Evidence that LANL toxins are polluting community waters includes:
- PCB contamination has been detected in LANL stormwater at 40,000 times over the EPA’s water quality standard that is protective of human health;
- Chromium-6 (hexavalent chromium) has been detected in the regional aquifer supplying Los Alamos County at 24 times the New Mexico groundwater protection standard;
- Plutonium has been detected in the Buckman well field, the source of 40% of Santa Fe’s drinking water;
- A “do not eat” fish advisory for White Rock Canyon, below LANL on the Río Grande was issued;
- One drinking water well supplying Los Alamos County shut down because of perchlorate contamination;
- 1,4-dioxane has been detected in groundwater flows;
- LANL continues to be fined by New Mexico Environment Department for failing to clean up its toxic waste which it had agreed to as part of a 2005 New Mexico Environment Department Consent Order.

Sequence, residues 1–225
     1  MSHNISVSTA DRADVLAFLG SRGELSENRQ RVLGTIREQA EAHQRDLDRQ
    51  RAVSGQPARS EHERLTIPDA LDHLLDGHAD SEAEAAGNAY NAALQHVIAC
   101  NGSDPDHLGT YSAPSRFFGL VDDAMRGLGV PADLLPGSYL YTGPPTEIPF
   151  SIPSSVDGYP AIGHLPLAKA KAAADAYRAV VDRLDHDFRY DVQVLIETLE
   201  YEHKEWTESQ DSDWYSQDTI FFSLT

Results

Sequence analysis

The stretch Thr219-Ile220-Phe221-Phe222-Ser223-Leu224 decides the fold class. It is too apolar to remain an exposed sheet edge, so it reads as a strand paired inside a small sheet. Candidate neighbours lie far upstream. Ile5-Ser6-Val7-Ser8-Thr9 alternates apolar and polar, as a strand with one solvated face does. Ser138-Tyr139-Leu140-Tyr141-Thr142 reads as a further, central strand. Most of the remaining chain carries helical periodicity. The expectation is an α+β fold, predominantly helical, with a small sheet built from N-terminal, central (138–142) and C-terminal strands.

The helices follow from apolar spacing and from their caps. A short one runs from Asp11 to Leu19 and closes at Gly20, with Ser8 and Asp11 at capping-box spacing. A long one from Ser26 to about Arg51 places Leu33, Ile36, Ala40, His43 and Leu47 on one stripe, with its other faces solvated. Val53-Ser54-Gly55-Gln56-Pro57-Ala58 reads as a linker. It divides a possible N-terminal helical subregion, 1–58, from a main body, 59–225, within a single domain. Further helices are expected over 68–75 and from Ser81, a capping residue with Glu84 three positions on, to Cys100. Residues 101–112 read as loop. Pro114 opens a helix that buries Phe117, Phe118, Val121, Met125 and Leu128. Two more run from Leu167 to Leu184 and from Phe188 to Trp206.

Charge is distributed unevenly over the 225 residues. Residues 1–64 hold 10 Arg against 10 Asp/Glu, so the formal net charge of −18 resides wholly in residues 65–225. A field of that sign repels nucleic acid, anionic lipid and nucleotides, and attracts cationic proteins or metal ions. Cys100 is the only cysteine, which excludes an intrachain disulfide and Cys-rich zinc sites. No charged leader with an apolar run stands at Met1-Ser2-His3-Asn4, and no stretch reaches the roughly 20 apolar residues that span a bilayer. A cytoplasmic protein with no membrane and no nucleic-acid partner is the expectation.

Methods to Monitor Toxic Threats at Los Alamos National Labs Are Fatally Flawed
LANL’s current program for monitoring groundwater pollution is fatally flawed and has failed to provide reliable data on the scope of toxic pollution in the regional drinking water aquifer—a claim supported by a 2007 National Academy of Sciences report.
According to the report:
“The [LANL groundwater monitoring] plan is not adequate to provide early identification of potential contaminant migration with high confidence, because LANL’s understanding of pathways for contaminant transport, especially inter-watershed pathways, is not yet adequate to support such confidence.”
Furthermore, the NAS report notes that the wells used to test for toxins in the regional aquifer “appear to be compromised in their ability to produce water samples that are representative of ambient groundwater for the purpose of monitoring.”
Inadequate monitoring of surface water and groundwater has been a major hurdle to enforcing LANL’s compliance to federal and state regulations. CCW maintains that independent monitoring of toxic pollution entering water is vital to ensuring that the full scope of the contamination problem is understood and that LANL remains accountable to the public.